Political News in 2018 That Mattered To Your Portfolio

Last week I wrote a bit about how many unethical financial advisers make extensive use of pressure sales tactics. Political news items are some of the best tools such advisers have in their kit. Political news has high emotional content for most individual investors, so it’s highly useful as a manipulation tool.

The standard model for a big-box financial adviser is to follow the following game plan:

  1. Call you up to tell you about Political News Item X from this week’s headlines
  2. Suggest a “hedging” or “downside protection” scheme to actively defend your portfolio against this news item
  3. Execute a set of trades (and receive commissions on those trades) to implement this strategy
  4. Repeat again next quarter with a new random news item that sounds scary

Avoid Churn by Gaining Perspective on the Relevance of Political News

So how do we resist the urge to constantly steer the boat? It helps to review a year’s worth of news with the benefit of hindsight. Let’s take a look at which 2018 financial news items actually seemed to have a real impact on your financial future. This of course assumes you are not retired yet and have the benefit of another few market cycles before your investments start to be fully consumed.

Chicago Board of Trade, trading floor

Two Financial News Items that Actually Impacted Your Portfolio

Series of Facebook Privacy Mishaps

I don’t think this will prove to have a lasting impact on the market, but Facebook is a very large company. The market value of Facebook is high enough that a big revaluation is enough to actually matter for portfolios. I’d say this one is still “TBD” for the long-term effect but for now I’ll mark it a “Yes”.

President Trump’s Escalating Trade War with China

This didn’t seem to matter at first, which was a little surprising. But in the second half of 2018 investors seemed to start to think that maybe it’s a bad idea for the two most important global economies to be continuously chucking tariff grenades at each other.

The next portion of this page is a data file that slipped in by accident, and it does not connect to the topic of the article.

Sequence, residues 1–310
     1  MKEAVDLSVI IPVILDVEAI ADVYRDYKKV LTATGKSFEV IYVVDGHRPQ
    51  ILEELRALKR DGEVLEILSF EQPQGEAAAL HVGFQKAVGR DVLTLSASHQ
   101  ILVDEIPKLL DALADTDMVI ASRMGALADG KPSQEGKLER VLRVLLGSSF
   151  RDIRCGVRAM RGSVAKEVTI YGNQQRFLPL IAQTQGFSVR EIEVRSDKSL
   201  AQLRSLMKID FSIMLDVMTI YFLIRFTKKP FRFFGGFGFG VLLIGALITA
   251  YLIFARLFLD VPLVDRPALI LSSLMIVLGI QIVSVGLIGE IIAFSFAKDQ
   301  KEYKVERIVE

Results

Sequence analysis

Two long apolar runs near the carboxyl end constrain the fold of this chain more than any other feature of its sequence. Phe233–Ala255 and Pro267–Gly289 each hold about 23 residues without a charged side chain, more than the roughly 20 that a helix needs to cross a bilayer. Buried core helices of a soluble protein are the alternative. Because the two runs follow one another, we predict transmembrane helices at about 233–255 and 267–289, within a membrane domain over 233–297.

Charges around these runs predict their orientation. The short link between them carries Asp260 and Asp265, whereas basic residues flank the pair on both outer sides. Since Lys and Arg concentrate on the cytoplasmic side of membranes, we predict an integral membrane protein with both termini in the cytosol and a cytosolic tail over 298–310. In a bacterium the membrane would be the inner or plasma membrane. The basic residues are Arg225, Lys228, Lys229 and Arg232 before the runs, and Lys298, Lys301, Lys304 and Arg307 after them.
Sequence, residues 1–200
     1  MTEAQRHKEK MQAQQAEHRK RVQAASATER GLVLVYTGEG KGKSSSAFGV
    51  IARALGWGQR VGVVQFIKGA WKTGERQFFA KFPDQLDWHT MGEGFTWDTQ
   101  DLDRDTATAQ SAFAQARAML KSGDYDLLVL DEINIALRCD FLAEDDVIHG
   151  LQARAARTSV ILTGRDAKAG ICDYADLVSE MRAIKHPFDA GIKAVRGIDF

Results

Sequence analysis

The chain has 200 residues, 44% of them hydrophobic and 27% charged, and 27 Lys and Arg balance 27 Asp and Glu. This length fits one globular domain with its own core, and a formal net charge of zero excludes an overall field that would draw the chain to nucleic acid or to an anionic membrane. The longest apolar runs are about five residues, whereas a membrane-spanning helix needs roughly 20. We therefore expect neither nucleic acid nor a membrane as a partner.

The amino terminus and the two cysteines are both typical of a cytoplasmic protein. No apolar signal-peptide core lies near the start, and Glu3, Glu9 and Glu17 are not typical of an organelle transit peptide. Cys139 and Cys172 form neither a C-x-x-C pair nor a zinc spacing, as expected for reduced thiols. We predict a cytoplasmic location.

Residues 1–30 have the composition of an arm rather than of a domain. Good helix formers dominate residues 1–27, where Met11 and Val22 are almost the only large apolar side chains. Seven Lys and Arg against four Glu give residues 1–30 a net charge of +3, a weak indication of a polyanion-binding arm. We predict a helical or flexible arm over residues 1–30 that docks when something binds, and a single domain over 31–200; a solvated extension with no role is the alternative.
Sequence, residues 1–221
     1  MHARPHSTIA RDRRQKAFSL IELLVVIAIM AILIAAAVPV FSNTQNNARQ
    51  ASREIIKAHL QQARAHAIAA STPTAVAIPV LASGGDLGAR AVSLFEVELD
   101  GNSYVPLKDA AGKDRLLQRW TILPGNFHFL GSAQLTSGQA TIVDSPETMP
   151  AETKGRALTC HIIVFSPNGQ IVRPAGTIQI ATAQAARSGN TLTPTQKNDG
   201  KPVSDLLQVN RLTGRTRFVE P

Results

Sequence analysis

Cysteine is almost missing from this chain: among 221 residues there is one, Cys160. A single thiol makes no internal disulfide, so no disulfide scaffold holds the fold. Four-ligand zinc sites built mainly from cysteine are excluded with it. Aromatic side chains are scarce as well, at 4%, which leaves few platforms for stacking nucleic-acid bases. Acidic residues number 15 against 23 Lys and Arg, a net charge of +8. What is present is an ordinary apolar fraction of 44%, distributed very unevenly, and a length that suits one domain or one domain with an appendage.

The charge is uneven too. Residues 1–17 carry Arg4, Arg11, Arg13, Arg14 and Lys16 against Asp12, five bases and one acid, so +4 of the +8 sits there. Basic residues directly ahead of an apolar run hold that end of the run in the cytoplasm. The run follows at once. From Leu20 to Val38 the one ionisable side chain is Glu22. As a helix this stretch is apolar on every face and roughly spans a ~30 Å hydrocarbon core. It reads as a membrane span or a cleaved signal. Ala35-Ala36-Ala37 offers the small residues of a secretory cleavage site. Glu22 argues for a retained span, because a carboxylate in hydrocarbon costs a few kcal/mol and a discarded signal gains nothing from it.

And Which Financial News Items Seemed to Matter at the Time, but Didn’t?

  1. President Trump pulling out of the Iran nuclear arms deal
  2. Steel tariffs on EU, Canada, Mexico
  3. Net neutrality laws expiring
  4. Any of the US-North Korea summits
  5. Apple becoming the first company worth $1 trillion
  6. The assassination of Jamal Khashoggi
  7. Brexit moving forward
  8. Rising interest rates (maybe?)
  9. The U.S. government shutting down (still TBD but nothing yet, right?)
  10. Midterm election results
  11. Brett Kavanaugh hearings and confirmation
  12. Bitcoin valuation volatility

Look at all these articles about the supposed market impact of such-and-such minor news item!

MarketWatch: Three winners, three losers in net neutrality ruling

CNN: Stocks sink after Trump cancels North Korea summit

CNBC: There’s now a real chance the UK won’t get a Brexit deal — here’s what that means for markets

Honestly, what is the point of reading all these articles? If you’re interested in economic and/or political news, fine! But don’t think that anything in there is going to help you invest your money.

You’ll notice that my Friday digest of weekly financial articles from other sources rarely includes any time-sensitive information. I like sharing articles that have information that is useful in a lot of different market environments, and not articles that are only relevant today. In fact, if we are on a consultation call, and you ask me something like, “What did the S&P 500 do today?”, I’ll probably say I don’t know. Same for “Why do you think the retail sector did so well this week?”. These little day-to-day and week-to-week variations in the markets don’t matter to me, and they shouldn’t matter to you unless you trade equities for an investment bank professionally.

So what? How Does This Impact My Portfolio Strategy?

Obviously these are all debatable and it’s hard to ascribe a market impact to each item. In particular I think the interest rate hikes should matter but it’s hard to see a direct effect on asset prices linked to the rate hike timing.

But my overall point is this. The long-term performance of your savings is largely determined by global structural factors and demographics. Regardless of what the President tweets, populations are going to grow, people are going to work and buy things, and trade is going to flow. Keep that in mind, and realize that most of the time, the correct “hedge” or “protection strategy” is to leave your portfolio alone and let time work its magic.

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